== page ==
• Needed reminder

    We belive in open government and freedom of information. We aren't such strict adherents that we believe there is never an occasion for discussion that can be carried out behind closed doors, but the simple fact is, more often than not, closed door meetings are overused and unnecessary and they can get governments into more trouble than they are actually worth.

  • Work is delayed

    We are a bit dismayed that the minute something starts to get done to clean this town up, a complaint stops it.

    What's worse is that the complaint is valid.

    Chester County has been trying for about a year to tear down dilapidated houses and structures that are unused, unlivable or unusable. Some are probably dangerous to nearby residents.

    In October, we reported on the county's efforts. It planned to take down 11 buildings. It published a list of those structures, by addresses. When no further information was gathered from the owners, the county began its work.


    What was the top story of 2007 in Chester County?

    Make no mistake, Chester County is the newsiest county in Dixie.

    We've got plenty to look back on and take pride in, and some things that give us a little shock to recall.

    And that was just last week.

    A whole year of a newsy town like this? Wow.

    We've been going through last year's stories and picked out 10 that stood out most to us.

  • Wondering why?

    What another sad day not only for Chester County and its people, but for its many, many pets.

    We are again saddened to know the county has lost its second veterinarian in recent months. Dr. Crack Anderson died suddenly two weeks ago. Crack was popular with his clients, beloved by many here, and a local boy to the core. He was a "crack" jet fighter pilot in his day, with many a story. Crack served his community on state boards. We still have people writing us, mourning his passing.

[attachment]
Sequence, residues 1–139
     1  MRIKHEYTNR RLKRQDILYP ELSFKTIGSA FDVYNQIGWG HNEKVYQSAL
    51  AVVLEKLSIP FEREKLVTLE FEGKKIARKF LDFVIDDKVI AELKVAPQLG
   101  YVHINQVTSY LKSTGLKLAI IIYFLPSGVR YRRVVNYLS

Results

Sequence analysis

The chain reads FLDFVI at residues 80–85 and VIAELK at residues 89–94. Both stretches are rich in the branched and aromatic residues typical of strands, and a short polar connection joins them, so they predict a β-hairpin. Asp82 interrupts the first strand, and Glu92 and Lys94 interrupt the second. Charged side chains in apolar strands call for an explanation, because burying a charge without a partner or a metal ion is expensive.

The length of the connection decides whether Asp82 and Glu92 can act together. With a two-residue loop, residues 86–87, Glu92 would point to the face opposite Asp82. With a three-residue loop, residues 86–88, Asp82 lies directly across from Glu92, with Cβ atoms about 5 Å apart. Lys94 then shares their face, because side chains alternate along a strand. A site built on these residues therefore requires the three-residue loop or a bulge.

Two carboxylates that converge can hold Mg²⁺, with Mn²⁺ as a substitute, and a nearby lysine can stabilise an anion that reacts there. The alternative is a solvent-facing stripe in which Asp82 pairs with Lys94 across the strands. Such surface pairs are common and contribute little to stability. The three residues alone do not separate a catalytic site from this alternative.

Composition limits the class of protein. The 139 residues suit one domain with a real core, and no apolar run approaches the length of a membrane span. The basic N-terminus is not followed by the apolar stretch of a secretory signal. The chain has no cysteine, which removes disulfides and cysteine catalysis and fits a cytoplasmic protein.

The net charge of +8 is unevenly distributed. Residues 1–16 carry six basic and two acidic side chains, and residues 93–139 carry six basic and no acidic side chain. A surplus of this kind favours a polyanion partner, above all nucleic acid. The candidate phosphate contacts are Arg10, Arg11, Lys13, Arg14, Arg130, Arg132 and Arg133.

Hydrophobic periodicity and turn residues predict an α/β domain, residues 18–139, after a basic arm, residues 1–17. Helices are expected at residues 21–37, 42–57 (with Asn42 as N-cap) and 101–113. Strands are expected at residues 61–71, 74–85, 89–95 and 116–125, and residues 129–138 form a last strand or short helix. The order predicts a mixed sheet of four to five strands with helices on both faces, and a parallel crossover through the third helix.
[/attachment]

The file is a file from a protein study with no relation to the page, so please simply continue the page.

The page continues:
• On impact fees

    We ran a story two weeks ago about Chester County Council's decision to look into impact fees.

    The story drew a response from a local real estate agent, a Realtor who is a member of some groups that oppose such fees.

    Her point was an interesting one. We don't have the development in Chester County right now -- not enough to creates an "impact" on government services, particularly our schools.

  • Van for veterans needs drivers now

    As we wrote in October, there are more than 63,000 miles on the Disabled American Veterans van since a couple of local guys drove it back from Detroit, when it was brand new in 2003.

    The van has logged almost all those miles in one worthy purpose -- getting veterans to and from necessary appointments, mostly medical, usually in Columbia.

    The dire need is here for the local DAV chapter because the three guys who have regularly driven the van have all had quadruple bypass surgeries, said Wade Stroud, head of one local veterans group.

  • Cyclones -- champs to us

    We want to congratulate the Chester High School Cyclones and head football coach Victor Floyd for the season they concluded Saturday.

    If fan support and the intensity of the support could win the day, then the Cyclones would be polishing the new addition to the trophy case. But it does come down to 11 young men facing off against 11 others. It comes down, sometimes, to how the ball bounces.

    (Some also would say the refs play a part. Perhaps, with a touchdown taken away, we wuz robbed.)

  • Editorial for Nov. 30, 2007

    We have just one thing to say today, it's about as important as anything else we've discussed of late.



  • A bit more to be thankful for

    Wednesday's paper had an interesting advertisement in it, received from the state of South Carolina.

    The ad contained a bunch of blocks with corporate logos in them. One of the blocks contained the logo for JRS Custom Fabrication Inc. Just in time for Thanksgiving, the state was thanking a bunch of industries that had chosen to locate or expand in South Carolina in the past year.

  • Still much to be thankful for

    We are sure most of you agree with our headline. The only persons who might take issue with it, we think, are English teachers and sticklers for grammar. We don't dangle prepositions lightly. To write it right, we still have much for which we are thankful.

    For one thing, all who read this and realize it's basically the same beginning as last year's Thanksgiving editorial, be thankful. You made it, again, to another holiday season.

    Last year, we wrote how "most of the leaves" had already fallen from the trees. Thanksgiving was about a week later, last year.